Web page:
Wednesday 8. 2018
Interviews are always a lot easier if you know what you’re walking into. Luckily for you, there are a fair few common interview questions that you can expect in most scenarios. Knowing what they are, and more importantly how to answer them helps build your confidence and think of an impressive response.
Of course, you can still expect an abundance of questions in an interview situation and there might be some in place to throw you off the mark. Nevertheless most interviewers follow a standardised style for the first few questions. This means that if you know what to expect, you can get your interview off to a solid start with some confident and well thought through answers. What comes thereafter should follow suit meaning that a bit of basic know-how might just be the key to securing the job of your dreams. Ever committed to finding you exactly that, the team here at TMI Resourcing have put together the 5 most common interview questions you can expect, and how to answer them.
Answering questions in detail not only presents you as confident and interesting, but also helps time go faster. Because let’s face it, interviews aren’t our favourite things. We’ve advised on how to answer them, but it’s worth drafting what you personally want to say. Remember – tailoring your questions to the company that you’re interviewing for is always a good idea.
This is an interviewer’s favourite question but can leave us in total panic mode. Since this is often the first question that will be asked in an interview, it can make or break your first impression. Therefore, no matter how much you don’t want to answer this one – it’s important that you do (and do so to a high standard). But, how do you talk about yourself? What do you say that’s appropriate in an interview setting but that isn’t boring?
How to answer: we would always recommend giving a mini biography. Starting at the beginning of your career as you see it. This could be from university, from school or from your first job. Giving an interviewer a brief indication of who you are in the working world can help prompt them to visualise you in their team. You should round off this question with some hobbies or interests to show that you know how to balance your social life and working ethic.
Another ‘favourite’ of the interview questions is ‘what are your strengths’ as employers like to see what you can offer to their business. With this question, you don’t want to turn it into a vanity fest but you also don’t want to shy away from what you can achieve. It can be hard to strike the right balance but if you can find it effectively then this question can prove to be a winner for you.
How to answer: as mentioned above, you don’t want to sell yourself short but you also don’t want to go OTT. We’d recommend mentioning 2-3 strengths of yours and then applying them to your potential job. E.g. “I’m very organised which means I am great at managing my time effectively and meeting deadlines.”
Like yin and yang, number two and number three often go hand in hand. This question can catch a lot of interviewees out as you hardly want to talk yourself down to your prospective employer. What this interview question is all about however, is showing that you can identify your downfalls and turn them into positives, or at least actively challenge them.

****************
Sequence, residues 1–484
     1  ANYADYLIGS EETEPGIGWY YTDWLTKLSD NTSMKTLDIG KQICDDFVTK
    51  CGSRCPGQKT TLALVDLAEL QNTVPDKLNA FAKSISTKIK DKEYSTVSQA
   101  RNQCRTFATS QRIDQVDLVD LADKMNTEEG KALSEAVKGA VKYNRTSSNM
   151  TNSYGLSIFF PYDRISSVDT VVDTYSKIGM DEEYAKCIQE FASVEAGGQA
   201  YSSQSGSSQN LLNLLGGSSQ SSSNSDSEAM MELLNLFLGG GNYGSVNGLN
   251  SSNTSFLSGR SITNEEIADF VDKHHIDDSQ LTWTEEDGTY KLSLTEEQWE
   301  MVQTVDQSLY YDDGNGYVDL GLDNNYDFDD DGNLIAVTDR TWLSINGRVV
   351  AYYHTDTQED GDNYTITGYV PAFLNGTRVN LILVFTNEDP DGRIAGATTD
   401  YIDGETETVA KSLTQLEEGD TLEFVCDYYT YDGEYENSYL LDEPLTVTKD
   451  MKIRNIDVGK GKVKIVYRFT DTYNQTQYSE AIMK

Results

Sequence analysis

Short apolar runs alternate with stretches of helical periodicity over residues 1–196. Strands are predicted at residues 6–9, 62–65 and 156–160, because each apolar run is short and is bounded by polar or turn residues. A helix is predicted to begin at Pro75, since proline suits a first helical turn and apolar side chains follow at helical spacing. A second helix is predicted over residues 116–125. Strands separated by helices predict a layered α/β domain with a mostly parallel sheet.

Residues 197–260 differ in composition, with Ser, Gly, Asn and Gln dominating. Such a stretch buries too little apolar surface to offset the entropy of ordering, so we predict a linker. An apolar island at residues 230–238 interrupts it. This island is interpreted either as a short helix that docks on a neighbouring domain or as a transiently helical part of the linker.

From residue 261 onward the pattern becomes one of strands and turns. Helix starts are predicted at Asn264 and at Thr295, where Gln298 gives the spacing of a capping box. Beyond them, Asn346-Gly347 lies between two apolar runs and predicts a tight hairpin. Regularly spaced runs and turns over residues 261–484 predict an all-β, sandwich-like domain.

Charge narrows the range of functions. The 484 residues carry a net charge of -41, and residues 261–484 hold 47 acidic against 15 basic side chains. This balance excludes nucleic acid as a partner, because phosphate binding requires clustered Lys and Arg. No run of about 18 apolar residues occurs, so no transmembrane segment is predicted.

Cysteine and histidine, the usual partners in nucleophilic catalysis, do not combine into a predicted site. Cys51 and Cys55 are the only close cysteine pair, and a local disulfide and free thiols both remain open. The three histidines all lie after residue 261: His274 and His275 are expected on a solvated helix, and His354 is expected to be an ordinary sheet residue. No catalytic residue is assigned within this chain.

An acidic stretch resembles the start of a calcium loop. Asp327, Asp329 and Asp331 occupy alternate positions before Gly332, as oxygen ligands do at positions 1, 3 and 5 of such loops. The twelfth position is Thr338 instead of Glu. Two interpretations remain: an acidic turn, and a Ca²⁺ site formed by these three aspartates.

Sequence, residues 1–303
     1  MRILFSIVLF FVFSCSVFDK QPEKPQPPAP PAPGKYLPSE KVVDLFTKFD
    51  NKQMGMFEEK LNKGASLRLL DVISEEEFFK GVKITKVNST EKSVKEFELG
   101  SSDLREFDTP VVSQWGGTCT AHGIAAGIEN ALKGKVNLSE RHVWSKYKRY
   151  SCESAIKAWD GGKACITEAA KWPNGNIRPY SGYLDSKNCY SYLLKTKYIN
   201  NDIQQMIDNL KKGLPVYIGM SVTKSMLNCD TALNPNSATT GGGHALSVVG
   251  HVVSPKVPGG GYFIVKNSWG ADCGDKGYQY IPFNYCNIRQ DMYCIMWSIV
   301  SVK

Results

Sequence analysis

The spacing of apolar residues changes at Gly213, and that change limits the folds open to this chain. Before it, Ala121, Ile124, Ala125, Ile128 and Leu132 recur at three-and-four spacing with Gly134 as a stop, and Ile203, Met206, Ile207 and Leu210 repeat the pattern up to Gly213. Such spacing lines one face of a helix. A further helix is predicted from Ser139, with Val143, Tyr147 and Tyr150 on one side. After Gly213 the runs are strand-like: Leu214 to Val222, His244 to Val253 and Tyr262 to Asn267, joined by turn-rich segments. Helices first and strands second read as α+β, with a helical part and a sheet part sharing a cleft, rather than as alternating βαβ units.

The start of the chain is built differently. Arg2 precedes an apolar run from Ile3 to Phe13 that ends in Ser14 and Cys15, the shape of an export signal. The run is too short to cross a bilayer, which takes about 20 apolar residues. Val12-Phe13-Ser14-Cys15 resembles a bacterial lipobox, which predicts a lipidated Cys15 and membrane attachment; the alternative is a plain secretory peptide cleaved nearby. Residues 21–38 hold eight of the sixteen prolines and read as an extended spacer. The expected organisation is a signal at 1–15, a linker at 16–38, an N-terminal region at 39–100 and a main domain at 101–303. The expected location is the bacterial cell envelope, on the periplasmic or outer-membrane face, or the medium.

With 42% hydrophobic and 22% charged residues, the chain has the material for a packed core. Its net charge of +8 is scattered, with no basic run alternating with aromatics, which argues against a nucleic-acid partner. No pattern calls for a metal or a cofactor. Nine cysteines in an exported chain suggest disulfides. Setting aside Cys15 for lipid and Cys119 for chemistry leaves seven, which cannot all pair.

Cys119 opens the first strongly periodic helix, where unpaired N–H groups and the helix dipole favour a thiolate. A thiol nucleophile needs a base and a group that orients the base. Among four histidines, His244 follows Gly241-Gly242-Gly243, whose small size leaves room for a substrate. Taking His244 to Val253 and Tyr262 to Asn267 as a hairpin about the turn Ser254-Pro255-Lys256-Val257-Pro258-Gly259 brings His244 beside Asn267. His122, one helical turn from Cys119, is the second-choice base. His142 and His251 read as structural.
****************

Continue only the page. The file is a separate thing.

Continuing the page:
How to answer: we would recommend only offering 1 or 2 weaknesses as you don’t want to fall into the trap of talking an employer out of hiring you. Our TMI top tip would be to pick a weakness, but turn it into a strength. For example, “I’m often very meticulous, although this means that I can take longer to complete a task it does ensure that the task is of the utmost quality.”
This is the question for what you need to do your research. Having a bit of background knowledge of the company in which you are interviewing for is always a good idea. You should be truthful about why you want to work for the company and tie this in with their reputation to make a lasting impression.
How to answer: as mentioned briefly above, you should be honest with your answer. Why do you want this career, or to work for this company? Once you can answer this you should then think about populating your answer with reasons that tie in with the company. E.g. “I want to work in social media as I’ve always had a keen interest in the way it works. As your company is one of the top social media agencies in Manchester, I think it would be a great place for me to progress in this career.”
This is another tricky question. Designed by interviewers to put you under slight pressure but also to help with their decision making processes. This is a similar question to number two, wherein you want to sell yourself without coming across as overbearing.
How to answer: answer the question through honing in on personal qualities that will make you a unique asset to the business. E.g. “I have always been a passionate writer, so I believe that my strong communication skills will come in handy when copywriting.” You may even want to bring in an example here to back up what you’re saying, such as a small portfolio.
Every interview is different and you can never be sure of what interview questions will head your way. Accredited favourites however, these 5 are often likely to pop up at some stage. Take some time to practice responses for these and you’ll be well on your way to nailing it.